In the hundreds of emails I’ve received over the issue of intellectual property, the number one most common objection to doing without goes like this. We can’t subject the matters to free market competition. Some innovations are too easy to copy. Just one look or listen and the producer’s idea is taken from. Then another company that had nothing to do with bearing the costs of innovation will be able to reap the rewards. We have to have a period of monopoly if only to inspire people to innovate and bring things to market.
Now, consider first what a central-planning apparatus this entails. A vibrant and enterprising economy will consist of hundreds if not millions of innovations per day. Our work lives, no matter what field we are in, are all about doing things better, bringing better products to the world, stepping forward into a future in which ever better stuff is ever more affordable. That requires unrelenting innovation.
If you are to establish a government office to keep tabs on this activity, that alone is going to require massive bureaucracy. If the bureaucracy is charged with granting monopolies for all these things, the business of enterprise is going to find itself in an amazing tangle. If we find that society works at all, it is precisely due to the absence of such tangles.
Consider also what the above critic presumes about how markets work in a world without intellectual monopolies. Consumers all sit around wanting something and wanting to pay for it. It could be a new song or a cool painting or something as simple as a q-tip. Entrepreneurs all over the country know that consumers want these things but they refuse to bring them to market for fear of being copied by the next guy. As a result, everyone just sits around doing nothing.
Is this really a realistic scenario? All experience suggests that in a vibrant economy, entrepreneurs go looking for unmet demands. This is what they live for. IP is not necessary to bring about this result, else there would not have been any economic growth in the entire world until recent years when IP began to its march to ubiquity.
All these arguments really come to down to yet another market failure argument, the idea that unless the government comes to the rescue, market players will just sit around confused while the economy goes down the drain.
All market failure arguments have the appearance of plausibility about them. Let’s say you have a poorly managed apartment unit with a porchlight that is out. Everyone would benefit from having the bulb changed. But if one person benefits, so does everyone. All dwellers enjoy the light and only one pays. That’s not going to work, is it? No one would act. Except that at some point, someone comes along and befuddles the failure theorists by changing the lightbulb.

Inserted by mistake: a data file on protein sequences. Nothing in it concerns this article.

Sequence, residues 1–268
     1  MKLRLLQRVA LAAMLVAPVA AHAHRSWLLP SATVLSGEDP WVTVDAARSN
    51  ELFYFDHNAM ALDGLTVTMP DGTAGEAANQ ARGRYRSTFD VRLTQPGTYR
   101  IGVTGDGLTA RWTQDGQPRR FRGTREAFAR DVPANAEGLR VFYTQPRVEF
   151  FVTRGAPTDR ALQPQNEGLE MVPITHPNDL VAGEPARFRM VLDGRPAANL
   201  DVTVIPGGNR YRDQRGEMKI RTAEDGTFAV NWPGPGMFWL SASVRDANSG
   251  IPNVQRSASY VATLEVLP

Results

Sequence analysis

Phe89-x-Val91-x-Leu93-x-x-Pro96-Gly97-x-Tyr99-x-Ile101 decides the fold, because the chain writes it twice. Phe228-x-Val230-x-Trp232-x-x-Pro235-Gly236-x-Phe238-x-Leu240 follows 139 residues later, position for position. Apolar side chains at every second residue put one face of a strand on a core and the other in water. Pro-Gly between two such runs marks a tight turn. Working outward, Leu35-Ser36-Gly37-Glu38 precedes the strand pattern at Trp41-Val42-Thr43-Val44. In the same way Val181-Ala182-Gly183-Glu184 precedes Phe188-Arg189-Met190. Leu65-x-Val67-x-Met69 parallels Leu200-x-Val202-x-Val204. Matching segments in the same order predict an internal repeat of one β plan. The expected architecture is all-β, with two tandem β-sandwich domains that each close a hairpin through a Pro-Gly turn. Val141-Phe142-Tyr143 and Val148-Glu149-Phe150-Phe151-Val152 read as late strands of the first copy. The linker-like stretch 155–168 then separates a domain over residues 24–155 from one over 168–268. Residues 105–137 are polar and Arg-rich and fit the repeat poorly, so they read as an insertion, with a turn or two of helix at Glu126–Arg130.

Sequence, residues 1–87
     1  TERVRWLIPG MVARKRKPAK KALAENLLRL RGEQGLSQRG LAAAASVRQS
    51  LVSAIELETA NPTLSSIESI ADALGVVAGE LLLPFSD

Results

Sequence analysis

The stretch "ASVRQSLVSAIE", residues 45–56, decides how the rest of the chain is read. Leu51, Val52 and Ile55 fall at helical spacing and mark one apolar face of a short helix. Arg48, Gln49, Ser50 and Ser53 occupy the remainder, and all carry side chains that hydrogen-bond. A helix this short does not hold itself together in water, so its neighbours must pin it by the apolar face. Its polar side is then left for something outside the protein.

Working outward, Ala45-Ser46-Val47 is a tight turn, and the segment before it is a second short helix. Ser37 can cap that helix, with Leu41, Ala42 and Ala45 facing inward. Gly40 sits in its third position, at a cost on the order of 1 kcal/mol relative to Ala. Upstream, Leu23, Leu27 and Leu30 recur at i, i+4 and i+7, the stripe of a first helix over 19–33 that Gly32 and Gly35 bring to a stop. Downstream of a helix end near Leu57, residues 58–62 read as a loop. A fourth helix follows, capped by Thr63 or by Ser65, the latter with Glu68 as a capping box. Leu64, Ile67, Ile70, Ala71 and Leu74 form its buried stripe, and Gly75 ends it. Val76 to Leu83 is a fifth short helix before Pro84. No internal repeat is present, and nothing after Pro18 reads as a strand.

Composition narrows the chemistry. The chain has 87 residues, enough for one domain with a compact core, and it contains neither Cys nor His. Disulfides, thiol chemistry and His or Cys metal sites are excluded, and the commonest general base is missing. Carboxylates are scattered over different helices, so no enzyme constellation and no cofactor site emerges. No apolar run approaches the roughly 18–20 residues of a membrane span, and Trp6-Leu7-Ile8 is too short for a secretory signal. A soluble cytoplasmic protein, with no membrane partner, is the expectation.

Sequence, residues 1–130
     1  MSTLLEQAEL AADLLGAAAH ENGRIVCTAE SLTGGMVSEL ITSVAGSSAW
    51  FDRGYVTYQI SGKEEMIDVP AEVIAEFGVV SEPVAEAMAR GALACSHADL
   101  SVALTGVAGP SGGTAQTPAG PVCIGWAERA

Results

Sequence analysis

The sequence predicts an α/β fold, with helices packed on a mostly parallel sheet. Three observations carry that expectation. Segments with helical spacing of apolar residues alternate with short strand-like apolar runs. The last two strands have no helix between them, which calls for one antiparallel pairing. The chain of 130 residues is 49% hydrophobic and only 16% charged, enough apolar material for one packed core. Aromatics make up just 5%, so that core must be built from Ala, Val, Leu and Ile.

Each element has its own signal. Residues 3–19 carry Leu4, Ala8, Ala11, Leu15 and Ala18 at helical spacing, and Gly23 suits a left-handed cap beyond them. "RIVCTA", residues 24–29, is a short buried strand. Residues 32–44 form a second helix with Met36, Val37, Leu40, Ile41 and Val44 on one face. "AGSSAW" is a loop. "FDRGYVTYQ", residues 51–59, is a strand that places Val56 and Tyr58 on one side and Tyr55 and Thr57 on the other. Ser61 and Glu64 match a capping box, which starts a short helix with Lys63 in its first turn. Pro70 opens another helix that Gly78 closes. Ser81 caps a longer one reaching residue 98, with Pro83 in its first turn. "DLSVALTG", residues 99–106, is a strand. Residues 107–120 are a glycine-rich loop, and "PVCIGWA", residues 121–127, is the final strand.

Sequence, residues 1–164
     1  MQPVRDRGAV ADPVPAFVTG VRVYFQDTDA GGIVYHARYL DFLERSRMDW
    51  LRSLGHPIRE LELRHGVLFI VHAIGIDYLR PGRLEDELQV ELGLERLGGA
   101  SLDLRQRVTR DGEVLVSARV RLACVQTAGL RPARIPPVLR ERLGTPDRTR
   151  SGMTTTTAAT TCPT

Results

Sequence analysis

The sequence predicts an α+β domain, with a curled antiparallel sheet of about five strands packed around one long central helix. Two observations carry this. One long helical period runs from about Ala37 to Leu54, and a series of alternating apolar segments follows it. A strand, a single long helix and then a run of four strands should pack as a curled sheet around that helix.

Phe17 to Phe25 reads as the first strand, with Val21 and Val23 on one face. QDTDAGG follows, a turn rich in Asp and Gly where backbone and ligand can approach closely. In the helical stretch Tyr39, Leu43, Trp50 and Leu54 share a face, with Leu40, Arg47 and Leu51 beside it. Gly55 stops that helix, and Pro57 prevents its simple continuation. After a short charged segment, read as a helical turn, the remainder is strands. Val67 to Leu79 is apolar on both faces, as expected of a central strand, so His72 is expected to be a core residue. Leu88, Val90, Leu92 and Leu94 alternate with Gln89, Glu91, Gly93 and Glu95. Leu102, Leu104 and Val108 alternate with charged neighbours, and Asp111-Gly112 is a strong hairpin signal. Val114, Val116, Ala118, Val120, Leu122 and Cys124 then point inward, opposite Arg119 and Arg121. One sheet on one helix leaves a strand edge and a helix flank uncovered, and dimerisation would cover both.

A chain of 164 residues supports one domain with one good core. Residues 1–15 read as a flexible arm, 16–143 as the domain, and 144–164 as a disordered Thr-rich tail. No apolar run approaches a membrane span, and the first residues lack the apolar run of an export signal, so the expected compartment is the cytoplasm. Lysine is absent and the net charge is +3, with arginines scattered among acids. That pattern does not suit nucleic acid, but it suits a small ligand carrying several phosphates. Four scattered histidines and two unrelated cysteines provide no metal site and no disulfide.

So it is with markets and innovation. It is just a plain fact that many products come to us every day that are not patented. Look at a Kleenex, I mean, a facial tissue. Any paper manufacturer can make one. The Kleenex company was first to make the big time, and it has stayed on top through relentless innovation in design. So we have fancy boxes of every shape and size, tissues with oil in them, tissues with smells, and various colors and things. The company is still on top.
Boldrin and Levine give the example of TravelPro, the suitcase with wheels. Every company can replicate it. But TravelPro stays on top through new design and marketing.
Everyone has to marvel at how Arm and Hammer stays on top of the baking soda market. Talk about easy to replicate. And yet the company practically has a market monopoly, and has held it for many decades. The innovation here too is relentless: toothpaste, deodorant, cleaning products, you name it.
You can try this at home. Think of any company that has an open-source product that continues to make money and stay up top: Tupperware, Red Hat, Band Aid, Firefox, Tylenol, Bayer, Hershey. It is a long list, nearly infinite.
The competition is fierce. How do they deal with it? The model is always the same. Get there first. Stay on top through marketing. Count on brand loyalty. Innovate. Explain your superiority. Never rest on your laurels. Move forward and watch the competition carefully.
It is interesting because another market failure argument posits even that there is a reverse problem than the one used to defend IP. It suggests that the market has a “path dependence” problem, that once people get stuck on one technology or brand name, they have too high a hump to get over in order to move to one that is otherwise obviously superior.
Both can’t be true.
The defenses of IP share a trait in common with all claims that the free market can’t work. Hayek called it a kind of constructivism. We can’t imagine how a market might solve a particular problem so we conclude that the market must fail in this instance. It’s good to look outside the window and observe how the market solves the problem every day in ways we don’t expect.
There are a thousand possibilities for how producers deal with being copied even in digital media. If we open the market up to competition, we will see more innovation in book publishing and movie making, as ever more goodies are piled on the consumer to earn loyalty and a range of options are made available. Consumers win, competitive producers win, and all without government privilege. What’s not to like?